HIV Infection of women in African countries
International Nursing Review
Background: The increase in human immunodeficiency virus infection among women of childbearing age increases the potential risk for vertical transmission of infection to their newborns. Aim: This paper discusses literature reviewed on human immunodeficiency virus infection of women in Africa with reference to Ghana, West Africa. The paper provides an epidemiological overview of human immunodeficiency virus infection of women in Ghana and Africa and the potential risk for vertical transmission and associated contributing factors. Literature reviewed was retrieved from the Cumulative Index of Nursing and Allied Health Literature and United States National Library of Medicine databases. Conclusion and implications for practice: Findings from the review of literature suggest that human immunodeficiency virus infection of African women is a major public health problem which must be addressed and considered a priority in the next decade. Leadership in African countries including nurses and policy‐makers will have to do more to make a difference to the epidemic. Measures to reduce transmission of human immunodeficiency virus are discussed.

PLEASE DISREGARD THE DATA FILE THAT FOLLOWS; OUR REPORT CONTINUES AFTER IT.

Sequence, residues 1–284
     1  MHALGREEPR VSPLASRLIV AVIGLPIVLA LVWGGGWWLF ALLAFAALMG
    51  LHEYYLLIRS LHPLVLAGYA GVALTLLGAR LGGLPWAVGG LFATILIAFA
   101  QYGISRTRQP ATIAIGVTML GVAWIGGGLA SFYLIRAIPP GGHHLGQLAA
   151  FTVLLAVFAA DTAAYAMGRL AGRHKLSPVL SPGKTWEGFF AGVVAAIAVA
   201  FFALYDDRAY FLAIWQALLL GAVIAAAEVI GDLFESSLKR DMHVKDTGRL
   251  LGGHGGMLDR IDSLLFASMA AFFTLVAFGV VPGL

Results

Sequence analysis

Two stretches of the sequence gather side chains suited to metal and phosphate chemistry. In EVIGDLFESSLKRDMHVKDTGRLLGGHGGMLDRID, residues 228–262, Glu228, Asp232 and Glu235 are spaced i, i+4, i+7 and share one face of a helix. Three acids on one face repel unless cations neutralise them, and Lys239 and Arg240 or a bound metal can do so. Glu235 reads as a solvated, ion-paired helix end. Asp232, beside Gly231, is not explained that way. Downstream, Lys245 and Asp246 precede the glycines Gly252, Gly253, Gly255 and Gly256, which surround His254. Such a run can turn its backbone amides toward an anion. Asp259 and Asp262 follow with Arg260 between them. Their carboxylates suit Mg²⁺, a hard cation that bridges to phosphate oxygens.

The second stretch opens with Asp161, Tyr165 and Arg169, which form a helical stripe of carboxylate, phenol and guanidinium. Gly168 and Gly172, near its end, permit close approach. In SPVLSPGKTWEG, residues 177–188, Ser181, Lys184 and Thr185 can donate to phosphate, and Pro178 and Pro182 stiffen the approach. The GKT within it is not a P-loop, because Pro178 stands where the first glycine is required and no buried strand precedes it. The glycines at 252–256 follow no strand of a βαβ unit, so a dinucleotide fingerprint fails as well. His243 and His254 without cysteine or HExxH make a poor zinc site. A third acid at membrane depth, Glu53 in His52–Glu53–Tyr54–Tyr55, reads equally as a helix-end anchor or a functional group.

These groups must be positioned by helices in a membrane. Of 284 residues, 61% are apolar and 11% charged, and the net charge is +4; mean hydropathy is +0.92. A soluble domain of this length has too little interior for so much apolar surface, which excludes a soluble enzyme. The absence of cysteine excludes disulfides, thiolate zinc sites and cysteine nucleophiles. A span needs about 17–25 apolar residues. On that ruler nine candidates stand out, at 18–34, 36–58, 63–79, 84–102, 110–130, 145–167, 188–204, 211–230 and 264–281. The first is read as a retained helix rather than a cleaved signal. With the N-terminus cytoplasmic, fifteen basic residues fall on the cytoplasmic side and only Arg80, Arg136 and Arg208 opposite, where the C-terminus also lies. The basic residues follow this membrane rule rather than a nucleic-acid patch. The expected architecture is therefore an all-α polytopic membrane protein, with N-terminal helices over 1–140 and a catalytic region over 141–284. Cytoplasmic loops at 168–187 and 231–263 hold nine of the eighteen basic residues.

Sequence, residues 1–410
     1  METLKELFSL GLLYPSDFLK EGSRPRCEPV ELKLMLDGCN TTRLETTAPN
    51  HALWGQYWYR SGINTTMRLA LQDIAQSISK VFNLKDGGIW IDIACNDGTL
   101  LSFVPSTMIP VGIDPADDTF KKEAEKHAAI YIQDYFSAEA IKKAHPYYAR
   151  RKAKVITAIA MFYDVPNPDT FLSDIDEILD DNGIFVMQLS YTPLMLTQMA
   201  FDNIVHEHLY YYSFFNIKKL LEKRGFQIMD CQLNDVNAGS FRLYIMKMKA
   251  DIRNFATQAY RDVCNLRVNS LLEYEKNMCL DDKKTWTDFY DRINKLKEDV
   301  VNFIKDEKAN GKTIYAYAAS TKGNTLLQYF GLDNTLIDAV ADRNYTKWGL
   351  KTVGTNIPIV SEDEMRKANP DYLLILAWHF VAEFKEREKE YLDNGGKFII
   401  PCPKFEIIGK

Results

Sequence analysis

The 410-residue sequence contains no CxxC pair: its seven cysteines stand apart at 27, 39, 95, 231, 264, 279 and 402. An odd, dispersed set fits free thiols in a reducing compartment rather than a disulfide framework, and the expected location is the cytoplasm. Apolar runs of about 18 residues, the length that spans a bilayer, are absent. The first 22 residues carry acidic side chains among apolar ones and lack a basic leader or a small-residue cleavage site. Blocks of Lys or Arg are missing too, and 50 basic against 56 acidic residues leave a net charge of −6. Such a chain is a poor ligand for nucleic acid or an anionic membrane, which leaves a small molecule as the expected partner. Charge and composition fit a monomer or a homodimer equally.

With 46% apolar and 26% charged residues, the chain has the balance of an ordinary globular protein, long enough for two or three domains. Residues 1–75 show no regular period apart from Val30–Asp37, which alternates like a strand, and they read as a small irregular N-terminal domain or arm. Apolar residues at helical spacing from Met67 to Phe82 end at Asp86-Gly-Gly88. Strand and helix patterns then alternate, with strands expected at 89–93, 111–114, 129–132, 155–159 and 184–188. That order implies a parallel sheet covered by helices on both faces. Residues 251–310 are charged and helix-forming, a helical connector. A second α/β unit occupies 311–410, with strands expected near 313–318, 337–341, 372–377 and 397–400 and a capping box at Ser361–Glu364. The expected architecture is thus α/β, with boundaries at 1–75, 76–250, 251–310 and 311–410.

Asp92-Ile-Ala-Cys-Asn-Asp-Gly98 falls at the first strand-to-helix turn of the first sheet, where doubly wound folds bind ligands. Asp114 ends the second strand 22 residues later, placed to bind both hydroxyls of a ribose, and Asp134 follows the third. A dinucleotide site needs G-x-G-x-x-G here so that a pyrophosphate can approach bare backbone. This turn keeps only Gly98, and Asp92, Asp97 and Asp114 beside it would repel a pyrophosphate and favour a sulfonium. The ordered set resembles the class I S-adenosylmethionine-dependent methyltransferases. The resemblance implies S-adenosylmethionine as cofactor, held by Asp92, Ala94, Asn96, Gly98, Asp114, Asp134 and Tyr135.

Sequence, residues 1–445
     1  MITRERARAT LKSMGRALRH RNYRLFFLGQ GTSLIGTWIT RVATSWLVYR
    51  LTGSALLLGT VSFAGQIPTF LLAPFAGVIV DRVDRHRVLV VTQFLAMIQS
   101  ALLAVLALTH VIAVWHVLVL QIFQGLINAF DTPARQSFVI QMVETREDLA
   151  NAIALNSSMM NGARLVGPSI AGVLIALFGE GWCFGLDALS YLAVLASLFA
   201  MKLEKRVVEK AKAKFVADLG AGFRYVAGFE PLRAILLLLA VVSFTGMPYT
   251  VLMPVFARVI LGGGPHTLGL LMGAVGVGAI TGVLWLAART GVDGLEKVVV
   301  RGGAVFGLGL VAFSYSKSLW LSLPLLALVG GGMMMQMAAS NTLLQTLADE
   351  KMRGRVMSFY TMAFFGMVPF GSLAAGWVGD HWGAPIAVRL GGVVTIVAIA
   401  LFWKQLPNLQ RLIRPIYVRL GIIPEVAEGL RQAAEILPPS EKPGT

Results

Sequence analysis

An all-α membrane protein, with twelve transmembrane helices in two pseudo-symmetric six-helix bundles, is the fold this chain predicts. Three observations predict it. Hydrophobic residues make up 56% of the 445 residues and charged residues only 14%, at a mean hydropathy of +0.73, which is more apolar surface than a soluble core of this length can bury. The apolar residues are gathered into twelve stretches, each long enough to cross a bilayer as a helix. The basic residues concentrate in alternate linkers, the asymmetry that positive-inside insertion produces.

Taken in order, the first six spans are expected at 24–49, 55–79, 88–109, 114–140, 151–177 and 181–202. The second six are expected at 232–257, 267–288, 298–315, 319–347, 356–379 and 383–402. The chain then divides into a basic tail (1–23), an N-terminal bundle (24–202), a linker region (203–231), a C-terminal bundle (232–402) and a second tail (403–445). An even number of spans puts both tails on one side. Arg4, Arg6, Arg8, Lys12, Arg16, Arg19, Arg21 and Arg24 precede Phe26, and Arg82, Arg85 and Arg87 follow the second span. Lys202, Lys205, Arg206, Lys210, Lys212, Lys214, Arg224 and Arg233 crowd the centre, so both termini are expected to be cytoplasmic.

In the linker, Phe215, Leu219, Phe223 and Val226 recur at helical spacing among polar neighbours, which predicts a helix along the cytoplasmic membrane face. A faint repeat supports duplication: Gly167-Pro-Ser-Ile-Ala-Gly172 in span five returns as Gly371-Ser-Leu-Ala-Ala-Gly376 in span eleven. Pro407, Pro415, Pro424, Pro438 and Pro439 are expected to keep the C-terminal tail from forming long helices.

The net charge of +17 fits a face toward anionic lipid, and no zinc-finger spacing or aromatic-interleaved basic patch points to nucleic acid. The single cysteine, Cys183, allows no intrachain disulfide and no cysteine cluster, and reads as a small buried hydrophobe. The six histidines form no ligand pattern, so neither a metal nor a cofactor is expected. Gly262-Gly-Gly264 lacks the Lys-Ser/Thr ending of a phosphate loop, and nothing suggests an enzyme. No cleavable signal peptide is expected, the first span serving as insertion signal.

Tabi, Marian, S. Frimpong.
"HIV Infection of women in African countries."
International Nursing Review, 50 (4): 242-250: Wiley.
doi: https://doi.org/10.1046/j.1466-7657.2003.00206.x source: https://doi.org/10.1046/j.1466-7657.2003.00206.x